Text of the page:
You would have to be inhabiting a different blogosphere not to have noticed the frenzied excitement on anti-Labour blogs (ie most of them!) in relation to a speech made by MEP Daniel Hannan to the European Parliament.
Of course, only hardcore Brownites would deny that Mr Hannan's speech was a robust, effective and substantive demolition of the prime minister and his economic policies. And that's not to say that the substance of the speech is entirely beyond criticism.
However, Mr Hannan didn't really say anything that hasn't been said before, as he himself says, so why the blogosphere consternation that his speech received little coverage in the MSM?
Perhaps the explanation is that the adulation afforded to Mr Hannan wasn't based on substance at all; it has arisen because of the particular circumstances of the speech, in particular that Gordon Brown was present in the Parliament when the dressing down was delivered, which clearly appeals to the more ad hominem nature of much of the criticism directed towards the prime minister.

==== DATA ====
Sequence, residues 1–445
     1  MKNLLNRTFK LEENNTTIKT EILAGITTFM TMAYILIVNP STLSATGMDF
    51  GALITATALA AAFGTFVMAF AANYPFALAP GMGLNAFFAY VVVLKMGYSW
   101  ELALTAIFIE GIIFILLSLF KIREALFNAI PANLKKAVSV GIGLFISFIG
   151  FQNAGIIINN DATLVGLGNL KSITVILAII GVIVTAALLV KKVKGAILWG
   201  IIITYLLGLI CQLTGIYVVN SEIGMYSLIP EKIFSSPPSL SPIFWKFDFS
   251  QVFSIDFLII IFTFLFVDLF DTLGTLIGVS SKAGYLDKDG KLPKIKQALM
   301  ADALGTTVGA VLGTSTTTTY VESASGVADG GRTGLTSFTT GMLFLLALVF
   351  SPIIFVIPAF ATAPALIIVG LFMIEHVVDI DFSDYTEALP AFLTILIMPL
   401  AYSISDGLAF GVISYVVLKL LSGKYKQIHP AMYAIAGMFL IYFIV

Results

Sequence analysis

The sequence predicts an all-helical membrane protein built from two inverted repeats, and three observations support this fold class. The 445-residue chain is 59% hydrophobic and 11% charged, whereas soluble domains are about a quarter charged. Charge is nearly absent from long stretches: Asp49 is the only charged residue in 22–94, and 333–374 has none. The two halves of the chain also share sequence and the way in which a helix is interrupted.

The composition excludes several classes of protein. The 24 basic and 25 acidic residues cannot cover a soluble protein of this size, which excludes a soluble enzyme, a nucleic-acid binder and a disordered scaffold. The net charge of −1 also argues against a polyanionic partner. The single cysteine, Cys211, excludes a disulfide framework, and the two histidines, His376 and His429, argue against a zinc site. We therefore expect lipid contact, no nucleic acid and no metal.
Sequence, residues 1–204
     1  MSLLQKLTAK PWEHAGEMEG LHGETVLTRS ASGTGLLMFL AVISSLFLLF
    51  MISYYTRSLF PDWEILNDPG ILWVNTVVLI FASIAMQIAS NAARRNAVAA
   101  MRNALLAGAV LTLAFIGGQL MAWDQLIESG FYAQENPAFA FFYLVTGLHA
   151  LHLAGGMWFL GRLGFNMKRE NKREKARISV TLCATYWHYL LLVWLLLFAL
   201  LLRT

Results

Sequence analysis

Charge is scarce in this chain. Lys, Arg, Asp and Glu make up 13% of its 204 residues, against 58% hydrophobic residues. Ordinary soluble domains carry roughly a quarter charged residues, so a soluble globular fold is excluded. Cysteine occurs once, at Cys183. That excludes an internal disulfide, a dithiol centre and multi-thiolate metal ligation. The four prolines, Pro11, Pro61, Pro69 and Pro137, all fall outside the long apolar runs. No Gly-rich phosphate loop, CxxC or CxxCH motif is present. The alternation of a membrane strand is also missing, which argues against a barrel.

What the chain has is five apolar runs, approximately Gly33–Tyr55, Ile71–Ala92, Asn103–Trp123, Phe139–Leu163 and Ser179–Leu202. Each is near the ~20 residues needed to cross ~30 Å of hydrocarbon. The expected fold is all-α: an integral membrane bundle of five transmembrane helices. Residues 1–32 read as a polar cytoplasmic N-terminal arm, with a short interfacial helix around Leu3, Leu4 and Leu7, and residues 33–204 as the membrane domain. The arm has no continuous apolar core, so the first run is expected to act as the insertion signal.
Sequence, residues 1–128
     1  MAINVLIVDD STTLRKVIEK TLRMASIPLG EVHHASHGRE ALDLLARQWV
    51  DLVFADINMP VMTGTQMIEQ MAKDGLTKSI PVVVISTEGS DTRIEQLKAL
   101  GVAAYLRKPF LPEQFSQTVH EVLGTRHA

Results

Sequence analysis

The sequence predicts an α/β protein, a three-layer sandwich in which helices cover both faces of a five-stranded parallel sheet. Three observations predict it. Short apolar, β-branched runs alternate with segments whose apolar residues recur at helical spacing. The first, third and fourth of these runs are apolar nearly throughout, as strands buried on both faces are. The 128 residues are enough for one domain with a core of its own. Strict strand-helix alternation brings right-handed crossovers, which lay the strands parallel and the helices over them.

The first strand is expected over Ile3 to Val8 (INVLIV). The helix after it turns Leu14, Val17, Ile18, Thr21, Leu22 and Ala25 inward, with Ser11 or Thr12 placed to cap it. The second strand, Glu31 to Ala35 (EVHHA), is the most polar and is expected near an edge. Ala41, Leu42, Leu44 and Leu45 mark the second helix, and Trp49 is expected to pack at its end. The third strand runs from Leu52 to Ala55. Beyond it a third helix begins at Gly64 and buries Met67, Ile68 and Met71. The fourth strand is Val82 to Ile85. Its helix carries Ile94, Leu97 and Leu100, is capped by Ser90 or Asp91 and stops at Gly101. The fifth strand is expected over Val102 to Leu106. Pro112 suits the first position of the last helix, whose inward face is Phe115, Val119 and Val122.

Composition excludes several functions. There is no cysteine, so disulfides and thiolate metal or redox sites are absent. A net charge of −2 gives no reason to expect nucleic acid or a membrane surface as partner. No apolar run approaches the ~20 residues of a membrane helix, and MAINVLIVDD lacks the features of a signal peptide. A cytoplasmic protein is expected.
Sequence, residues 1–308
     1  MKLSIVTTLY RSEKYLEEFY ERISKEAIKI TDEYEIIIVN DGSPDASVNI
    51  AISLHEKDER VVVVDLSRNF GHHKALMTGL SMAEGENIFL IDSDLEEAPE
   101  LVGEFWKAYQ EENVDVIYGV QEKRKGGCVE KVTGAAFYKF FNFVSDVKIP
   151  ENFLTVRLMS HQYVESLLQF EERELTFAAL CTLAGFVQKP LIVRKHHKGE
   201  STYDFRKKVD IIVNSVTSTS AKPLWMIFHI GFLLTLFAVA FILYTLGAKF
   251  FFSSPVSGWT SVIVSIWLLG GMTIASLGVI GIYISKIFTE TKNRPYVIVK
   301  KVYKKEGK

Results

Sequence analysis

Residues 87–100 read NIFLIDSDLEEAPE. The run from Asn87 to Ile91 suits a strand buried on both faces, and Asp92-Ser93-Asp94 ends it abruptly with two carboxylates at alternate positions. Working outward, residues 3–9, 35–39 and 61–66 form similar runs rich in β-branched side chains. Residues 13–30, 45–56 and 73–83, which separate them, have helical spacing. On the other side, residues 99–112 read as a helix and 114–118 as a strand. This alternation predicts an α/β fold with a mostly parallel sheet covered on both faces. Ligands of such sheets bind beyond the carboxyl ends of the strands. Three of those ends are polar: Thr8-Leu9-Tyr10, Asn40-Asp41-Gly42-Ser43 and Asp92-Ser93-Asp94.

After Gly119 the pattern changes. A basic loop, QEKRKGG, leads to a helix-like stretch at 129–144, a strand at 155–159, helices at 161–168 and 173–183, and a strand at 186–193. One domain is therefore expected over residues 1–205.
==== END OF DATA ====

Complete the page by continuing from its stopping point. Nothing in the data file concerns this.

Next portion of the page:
By the same token, blogger extraordinaire Iain Dale describes as "woeful" an interview given by treasury minister Angela Eagle on the BBC's Newsnight, claiming that she "crashed and burned". Ms Eagle did indeed completely avoid Jeremy Paxman's persistent questioning about the governor of the Bank of England's caution regarding another fiscal stimulus, but isn't this what politicians of all parties are particularly adept at? It was little more than the usual Paxo v politician scenario of irresistible force meets immovable object, and Ms Eagle acquitted herself well in the 'answer any question but the one asked' stakes!
Of course, it was the substantive development of the governor's warning that the MSM concentrated on yesterday - The Times carried a rare double-length leader, for example - rather than the political theatre of the Hannan speech.